Shrimp are nutritious, delicious and quick to prepare. Having them in your freezer markedly increases your dinner options — they can enhance dishes such as scampi, paella, fried rice and gumbo. But if your frozen shrimp smells fishy or has freezer burn, it has spoiled and should be discarded.
Selecting and Storing Frozen Shrimp
You can either buy shrimp frozen, raw or alive. According to the Food and Drug Administration (FDA), if you purchase shrimp raw — whether your intent is to cook or freeze them once you get home — make sure the shrimp is kept over ice at the store and has a pearl-like color with little or no odor. Purchasing live shrimp is rare. But if you decide to go this route, check for leg movement to ensure the shrimp are still alive and have not begun spoiling.
According to the Auguste Escoffier School of Culinary Arts, frozen shrimp are actually fresher than "fresh" shrimp. This is because the frozen shrimp you see at the grocery store are usually thrown on ice immediately after they are caught or harvested and are kept frozen until they are sold. Shrimp that is sold raw on the other hand is most often frozen upon harvest, and then thawed before being sold. The raw shrimp have more time to spoil.
That being said, according to the FDA, frozen seafood can also spoil, especially if it is left at warm temperatures for too long before cooking. This can happen when shrimp thaws during transport from fishing port to grocery store or from grocery store to your home.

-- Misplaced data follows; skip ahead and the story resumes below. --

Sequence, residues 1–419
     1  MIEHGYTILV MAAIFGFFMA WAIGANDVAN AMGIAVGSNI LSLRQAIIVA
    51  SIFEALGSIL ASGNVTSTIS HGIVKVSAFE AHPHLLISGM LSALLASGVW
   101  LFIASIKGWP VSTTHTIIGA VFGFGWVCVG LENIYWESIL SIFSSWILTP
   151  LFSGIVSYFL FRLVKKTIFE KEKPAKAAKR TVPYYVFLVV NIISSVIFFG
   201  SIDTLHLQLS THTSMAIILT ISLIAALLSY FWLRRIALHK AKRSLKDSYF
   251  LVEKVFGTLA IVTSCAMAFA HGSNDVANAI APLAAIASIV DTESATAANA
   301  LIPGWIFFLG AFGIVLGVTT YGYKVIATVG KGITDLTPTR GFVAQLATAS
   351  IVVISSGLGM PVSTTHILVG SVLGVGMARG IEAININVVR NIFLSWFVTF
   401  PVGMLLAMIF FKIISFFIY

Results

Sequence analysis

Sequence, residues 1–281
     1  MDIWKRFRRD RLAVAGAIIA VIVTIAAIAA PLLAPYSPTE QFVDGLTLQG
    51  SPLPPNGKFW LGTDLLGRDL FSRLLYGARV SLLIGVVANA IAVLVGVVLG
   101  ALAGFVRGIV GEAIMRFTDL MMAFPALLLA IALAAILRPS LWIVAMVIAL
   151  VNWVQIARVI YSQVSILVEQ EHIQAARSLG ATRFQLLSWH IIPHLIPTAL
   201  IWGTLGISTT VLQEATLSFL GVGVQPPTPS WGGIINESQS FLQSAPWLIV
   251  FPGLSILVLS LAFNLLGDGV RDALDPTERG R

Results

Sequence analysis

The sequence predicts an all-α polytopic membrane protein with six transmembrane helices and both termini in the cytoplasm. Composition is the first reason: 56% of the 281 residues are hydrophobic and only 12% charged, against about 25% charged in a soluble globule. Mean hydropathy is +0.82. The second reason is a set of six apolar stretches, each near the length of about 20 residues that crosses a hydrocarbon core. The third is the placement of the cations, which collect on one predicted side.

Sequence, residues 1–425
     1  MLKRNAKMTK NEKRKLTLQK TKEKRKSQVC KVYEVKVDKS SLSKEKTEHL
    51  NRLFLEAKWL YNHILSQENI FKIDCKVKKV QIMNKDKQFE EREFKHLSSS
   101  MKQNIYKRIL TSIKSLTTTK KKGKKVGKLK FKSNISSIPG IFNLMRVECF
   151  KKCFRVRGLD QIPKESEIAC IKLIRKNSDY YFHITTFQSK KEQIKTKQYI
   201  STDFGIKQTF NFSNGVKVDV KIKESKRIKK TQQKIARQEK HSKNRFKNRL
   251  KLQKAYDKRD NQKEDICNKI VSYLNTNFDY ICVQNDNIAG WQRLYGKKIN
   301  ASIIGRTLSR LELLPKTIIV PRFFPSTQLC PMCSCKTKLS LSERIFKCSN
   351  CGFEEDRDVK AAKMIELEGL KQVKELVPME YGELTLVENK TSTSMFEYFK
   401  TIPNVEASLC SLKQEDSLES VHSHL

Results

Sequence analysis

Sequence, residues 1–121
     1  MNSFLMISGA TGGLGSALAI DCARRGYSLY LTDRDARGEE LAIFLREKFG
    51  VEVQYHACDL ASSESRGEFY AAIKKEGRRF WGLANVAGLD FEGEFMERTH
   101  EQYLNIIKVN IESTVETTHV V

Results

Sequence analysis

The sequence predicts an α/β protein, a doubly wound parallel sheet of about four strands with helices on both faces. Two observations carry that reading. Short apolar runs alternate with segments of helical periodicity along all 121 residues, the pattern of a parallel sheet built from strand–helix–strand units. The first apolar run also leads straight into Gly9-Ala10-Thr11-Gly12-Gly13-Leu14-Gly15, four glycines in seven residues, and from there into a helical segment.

Signs to look out for are freezer burn on shrimp, torn or opened packaging and frozen shrimp that are bendable. Do not buy or use frozen shrimp if you notice any of these signs. Also, if you notice that the "use by" date on the packaging of your frozen shrimp has expired, discard the package and do not use.
Once home, store frozen shrimp in moisture-free, tightly sealed plastic, foil or paper. When ready to cook, thaw frozen shrimp gradually by putting in the refrigerator overnight, or seal it in a plastic bag and immerse in cold water if you need to cook it more quickly. If you're going to cook the shrimp immediately, you can put shrimp in the microwave and heat on the "defrost" setting until the shrimp is still icy but pliable.
Read more: Do Prawns Make a Healthy Meal?
Black Spots on Shrimp
If you find or are worried about black spots on shrimp, you have nothing to worry about if the spots are found on the shell. According to Louisiana Fisheries Forward, shrimp can occasionally have a discolored shell called black spot or melanosis.
This does not signify spoilage or the presence of bacteria. Instead, these black spots are caused by an enzymatic reaction between naturally occurring amino acids and sunlight. Shrimp with melanosis on the shell are still safe to eat. Some shrimp are processed with sulfites to prevent melanosis. If the shrimp you are purchasing have been processed with sulfites, this will be listed in the ingredient list, as sulfites are a known allergen.
If you are buying shrimp live and in the shell, you'll notice the head of the shrimp might start turning black once the shrimp are no longer alive. If this begins to happen, the meat of the shrimp is still fresh and safe to eat as long as only the head of the shrimp has darkened.
Read more: The Best and Worst Frozen Foods